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This is because PIXELS winds up being a Sandler comedy through and through. It might not be scraping the bottom of the barrel like JACK AND JILL or THAT’S MY BOY, but the film is significantly weighed down by unlikable characters and (very) cheap jokes. Aside from a few chuckles, I can’t recall any big laughs in this whole movie. Sandler doesn’t even seem to be trying in his washed-up loser role (that feels so much like his other washed-up loser roles) and Josh Gad mistakes shouting for being funny. Though that’s not entirely on his shoulders as the script doesn’t provide him with much material to begin with. Kevin James seems to be playing himself and just so happens to be the President of the United States. That could have made for some laughs, but feels like a missed opportunity. Sean Bean and Brian Cox show up for a quick paycheck, while Peter Dinklage delivers the only semi-decent performance of the cast as an overly obnoxious jerk.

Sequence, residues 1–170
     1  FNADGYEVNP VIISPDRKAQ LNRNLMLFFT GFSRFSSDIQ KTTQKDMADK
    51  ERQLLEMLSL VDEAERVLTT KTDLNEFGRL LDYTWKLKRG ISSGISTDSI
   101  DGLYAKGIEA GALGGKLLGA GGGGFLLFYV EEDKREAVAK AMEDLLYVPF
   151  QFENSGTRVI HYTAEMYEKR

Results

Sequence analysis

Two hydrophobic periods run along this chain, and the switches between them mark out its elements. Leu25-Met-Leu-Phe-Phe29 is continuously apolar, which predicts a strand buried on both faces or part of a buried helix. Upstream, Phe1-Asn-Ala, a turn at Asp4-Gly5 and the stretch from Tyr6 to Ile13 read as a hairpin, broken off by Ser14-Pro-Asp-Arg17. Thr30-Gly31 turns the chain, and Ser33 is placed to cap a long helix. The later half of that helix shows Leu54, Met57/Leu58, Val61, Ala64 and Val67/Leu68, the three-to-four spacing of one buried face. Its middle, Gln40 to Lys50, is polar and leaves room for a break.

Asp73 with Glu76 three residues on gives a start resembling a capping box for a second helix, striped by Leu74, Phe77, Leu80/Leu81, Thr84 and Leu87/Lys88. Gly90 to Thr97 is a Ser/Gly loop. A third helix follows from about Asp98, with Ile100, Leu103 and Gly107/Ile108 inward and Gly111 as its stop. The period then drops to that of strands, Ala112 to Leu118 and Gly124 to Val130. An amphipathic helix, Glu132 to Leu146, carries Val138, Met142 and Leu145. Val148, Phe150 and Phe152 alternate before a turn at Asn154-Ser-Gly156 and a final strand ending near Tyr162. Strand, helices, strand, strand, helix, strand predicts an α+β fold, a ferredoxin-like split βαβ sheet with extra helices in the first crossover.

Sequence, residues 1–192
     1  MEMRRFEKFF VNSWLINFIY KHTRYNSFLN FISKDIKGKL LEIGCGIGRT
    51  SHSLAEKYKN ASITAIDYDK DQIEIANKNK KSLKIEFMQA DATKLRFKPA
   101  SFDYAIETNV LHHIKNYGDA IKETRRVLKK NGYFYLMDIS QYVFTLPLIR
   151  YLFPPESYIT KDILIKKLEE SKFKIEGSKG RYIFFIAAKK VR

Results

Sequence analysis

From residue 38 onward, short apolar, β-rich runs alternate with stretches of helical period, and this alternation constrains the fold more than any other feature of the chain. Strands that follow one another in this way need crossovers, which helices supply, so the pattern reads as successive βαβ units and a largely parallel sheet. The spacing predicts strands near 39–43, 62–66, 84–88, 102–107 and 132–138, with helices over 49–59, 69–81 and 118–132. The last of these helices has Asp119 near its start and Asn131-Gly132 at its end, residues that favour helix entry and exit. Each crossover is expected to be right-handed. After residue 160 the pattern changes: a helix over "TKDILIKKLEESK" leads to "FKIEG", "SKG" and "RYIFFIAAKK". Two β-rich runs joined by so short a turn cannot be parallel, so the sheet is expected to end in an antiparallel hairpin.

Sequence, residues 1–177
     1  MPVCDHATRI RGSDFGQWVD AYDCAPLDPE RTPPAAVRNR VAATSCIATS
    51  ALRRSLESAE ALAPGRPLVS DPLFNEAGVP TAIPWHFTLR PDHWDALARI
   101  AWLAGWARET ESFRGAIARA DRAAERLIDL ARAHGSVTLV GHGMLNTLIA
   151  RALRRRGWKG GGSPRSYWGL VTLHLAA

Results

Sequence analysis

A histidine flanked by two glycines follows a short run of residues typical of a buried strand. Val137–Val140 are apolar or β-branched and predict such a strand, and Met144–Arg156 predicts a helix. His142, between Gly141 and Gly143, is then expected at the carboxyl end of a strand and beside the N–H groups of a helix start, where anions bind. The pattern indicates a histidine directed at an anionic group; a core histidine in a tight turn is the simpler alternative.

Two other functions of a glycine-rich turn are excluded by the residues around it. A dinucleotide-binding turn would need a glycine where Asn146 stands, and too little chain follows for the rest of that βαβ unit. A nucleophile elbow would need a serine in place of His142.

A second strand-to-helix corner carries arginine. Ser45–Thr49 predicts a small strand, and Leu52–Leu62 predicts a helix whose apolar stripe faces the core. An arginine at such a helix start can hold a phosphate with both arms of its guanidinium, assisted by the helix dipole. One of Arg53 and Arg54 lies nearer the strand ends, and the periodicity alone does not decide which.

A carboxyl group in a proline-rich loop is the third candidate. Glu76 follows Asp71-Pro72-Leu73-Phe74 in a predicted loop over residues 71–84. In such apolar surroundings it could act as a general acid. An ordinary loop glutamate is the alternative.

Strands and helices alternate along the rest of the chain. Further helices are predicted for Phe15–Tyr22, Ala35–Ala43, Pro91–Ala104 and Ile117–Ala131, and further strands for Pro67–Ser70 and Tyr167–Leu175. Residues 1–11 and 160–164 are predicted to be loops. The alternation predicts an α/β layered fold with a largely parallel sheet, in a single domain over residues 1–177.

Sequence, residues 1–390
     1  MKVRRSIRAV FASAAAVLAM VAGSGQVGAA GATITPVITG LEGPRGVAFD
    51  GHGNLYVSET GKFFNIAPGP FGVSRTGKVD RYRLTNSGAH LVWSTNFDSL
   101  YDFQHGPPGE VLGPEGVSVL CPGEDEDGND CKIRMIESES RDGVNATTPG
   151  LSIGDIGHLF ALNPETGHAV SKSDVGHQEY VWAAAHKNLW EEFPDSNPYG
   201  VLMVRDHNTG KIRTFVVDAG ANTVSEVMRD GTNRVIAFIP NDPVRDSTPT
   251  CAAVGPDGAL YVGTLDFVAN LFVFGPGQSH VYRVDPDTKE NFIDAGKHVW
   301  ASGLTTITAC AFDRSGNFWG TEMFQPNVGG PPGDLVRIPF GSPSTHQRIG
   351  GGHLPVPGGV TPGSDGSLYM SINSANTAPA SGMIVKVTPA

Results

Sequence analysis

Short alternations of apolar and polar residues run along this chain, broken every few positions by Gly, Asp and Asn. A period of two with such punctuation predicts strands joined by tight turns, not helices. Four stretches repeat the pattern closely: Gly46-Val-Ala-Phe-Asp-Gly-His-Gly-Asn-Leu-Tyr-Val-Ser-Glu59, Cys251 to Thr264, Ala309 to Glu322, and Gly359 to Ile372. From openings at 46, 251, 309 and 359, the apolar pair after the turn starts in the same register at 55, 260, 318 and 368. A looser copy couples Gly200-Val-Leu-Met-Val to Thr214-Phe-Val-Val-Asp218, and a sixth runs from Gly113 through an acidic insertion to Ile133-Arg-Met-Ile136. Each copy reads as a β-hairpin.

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At one point in the film, Sandler’s character is watching a preteen boy play a FALLOUT-style video game and points out that the game doesn’t have a pattern and simply chugs along with “no rhyme or reason.” That one comment can sum up the entire screenplay. There doesn’t really seem to be a reason for why things happen during parts of this story and the movie doesn’t seem to care. That wouldn’t necessarily be all bad if we were given cool-looking scenes to satiate our appetite for video game characters terrorizing the real world, but instead we’re handed a half-assed romantic subplot (because I guess this movie needed one of those) and a huge plot hole that’s simply taken as part of the story. The huge gap in movie logic is simply accepted as an excuse for a finale that feels too forced and jumbled.